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Author Topic: In Stead Of Cutting Trees  (Read 966 times)

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Offline Autocar

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In Stead Of Cutting Trees
« on: March 16, 2017, 06:34:47 pm »
I was planting trees. Our logger chapter has a concern about sustainable forest products from western Ohio. So today I was planting swamp white oak in a 60 acre river bottom. Maybe farm ground will win in the end but if we don't try to change things who will ?

Offline Catenaut

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Re: In Stead Of Cutting Trees
« Reply #1 on: March 17, 2017, 12:58:07 pm »
I've been part of similar discussions in North Carolina and Virginia. It's important for folks to appreciate that we are, nominally at least, still a free people and as such will, generally, behave in a manner consistent with our best self interest. Freedom and self interest are fundamental to any topic about reforestation because the landowner will, generally, act to maximize his betterment and utility from owning the land. Consequently, if the Land Expectation Value for managed timberland is less than farmland, solar power fields, or other potential uses it is perfectly natural for the land to get converted. If we communicate, through our dollars, that we dont want forestland then we can expect the economy to produce less forestland. Although planting trees has significant personal value, it rarely creates a lasting impact beyond your immediate sphere of influence, as the economic forces that limited forestland production are not changed by simply forcing a bit more trees into the system. If you truly want to "change things" and still respect the individuals right to self determination (in other words don't go crying to the government) the best thing to do is work with your local forestry/logging associations to market the value of what you've got. You might have heard the studies many paper mills are fond of quoting "we have more trees now than we did 100 years ago", and that's true, but its only true because we have more mills now than we did 100 years ago. No forest has ever been converted that's within 50 miles of a paper mill.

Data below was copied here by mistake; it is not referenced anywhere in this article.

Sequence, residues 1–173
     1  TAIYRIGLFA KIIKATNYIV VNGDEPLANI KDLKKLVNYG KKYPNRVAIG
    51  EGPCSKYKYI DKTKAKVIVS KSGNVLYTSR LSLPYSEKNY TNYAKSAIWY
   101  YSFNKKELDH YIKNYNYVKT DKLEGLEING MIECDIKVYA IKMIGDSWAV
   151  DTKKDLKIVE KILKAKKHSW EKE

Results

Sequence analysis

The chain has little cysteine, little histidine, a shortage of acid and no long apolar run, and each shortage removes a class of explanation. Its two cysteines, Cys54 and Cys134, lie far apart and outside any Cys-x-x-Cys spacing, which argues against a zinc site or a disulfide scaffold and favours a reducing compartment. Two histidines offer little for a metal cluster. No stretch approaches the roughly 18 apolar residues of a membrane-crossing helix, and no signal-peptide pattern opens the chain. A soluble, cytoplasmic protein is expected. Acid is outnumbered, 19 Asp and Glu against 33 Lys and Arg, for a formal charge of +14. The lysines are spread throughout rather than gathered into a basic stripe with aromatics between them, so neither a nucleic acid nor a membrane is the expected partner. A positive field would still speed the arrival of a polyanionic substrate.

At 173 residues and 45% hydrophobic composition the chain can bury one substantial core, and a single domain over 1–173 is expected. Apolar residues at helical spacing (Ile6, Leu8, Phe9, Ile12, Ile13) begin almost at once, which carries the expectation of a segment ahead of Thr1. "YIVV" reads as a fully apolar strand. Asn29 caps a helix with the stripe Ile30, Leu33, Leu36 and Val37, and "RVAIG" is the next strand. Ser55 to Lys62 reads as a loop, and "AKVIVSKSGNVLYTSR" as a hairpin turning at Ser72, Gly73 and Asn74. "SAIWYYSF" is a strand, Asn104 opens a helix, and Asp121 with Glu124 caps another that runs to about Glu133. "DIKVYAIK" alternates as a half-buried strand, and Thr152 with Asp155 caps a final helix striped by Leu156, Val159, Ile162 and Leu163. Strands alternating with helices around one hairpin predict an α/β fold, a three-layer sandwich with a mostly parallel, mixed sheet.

Offline Autocar

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Re: In Stead Of Cutting Trees
« Reply #2 on: March 18, 2017, 01:55:06 pm »
Catenaut I am sorry but I don't agree with much you have to say .  In my opinion planting swamp white oak in a river bottom is better then letting natural reforestation of box elder and soft maple. If your growing timber for tomarrow oak trees are better then willow just my two cents !

Offline wolf nemeth

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Re: In Stead Of Cutting Trees
« Reply #3 on: June 04, 2017, 02:15:24 pm »
Well,  it's an interesting difference of opinion. Really, it's more an contrast between theory and practice. Yes, we can organize and advertise and proselytize and ize, ize, but someone who goes out and plants is  ultimately responsible for literally changing the landscape. Now, if you can get a doxen others in your neighborhood to think and do likewise, that's a movement!
If you  don't know where you're going, you'll probably end up somewhere else!

Offline nativewolf

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Re: In Stead Of Cutting Trees
« Reply #4 on: June 04, 2017, 03:10:18 pm »
Paper mills really don't have anything to do with reforestation.  Reforestation has most to do with the decline of small farms and the shift in coastal and Piedmont regions from agriculture to off farm jobs.  Rural populations fled and income from rural properties declined.  The other huge factor was the advent of industrial forestry where an acre produces 4-8X growth in biomass as it did pre wwII.  Taken together you see a lot of forest land converted to ag and to housing/development within very close proximity to pulp mills.  Plenty of it.  You also see old cotton fields being planted in improved loblolly.  Just look at imagery taken in 1930 (we photographed almost the entire US in 1930s) vs that of today.  It's a stark change.  Much much more forest everywhere in the Atlantic NE/Mid Atlantic/South .  Not so much difference in the midwest, some in northern midwest.  You can see the same shift in forest cover 200 miles from a pulp mill as right next to a pulp mill. 

I'm a huge fan of Swamp Chestnut oak and good on Autocarr for planting more.  Great tree and will complement the maple/boxelder/ and other wetland trees. 

By Western ohio are you on the other side of Dayton or further north.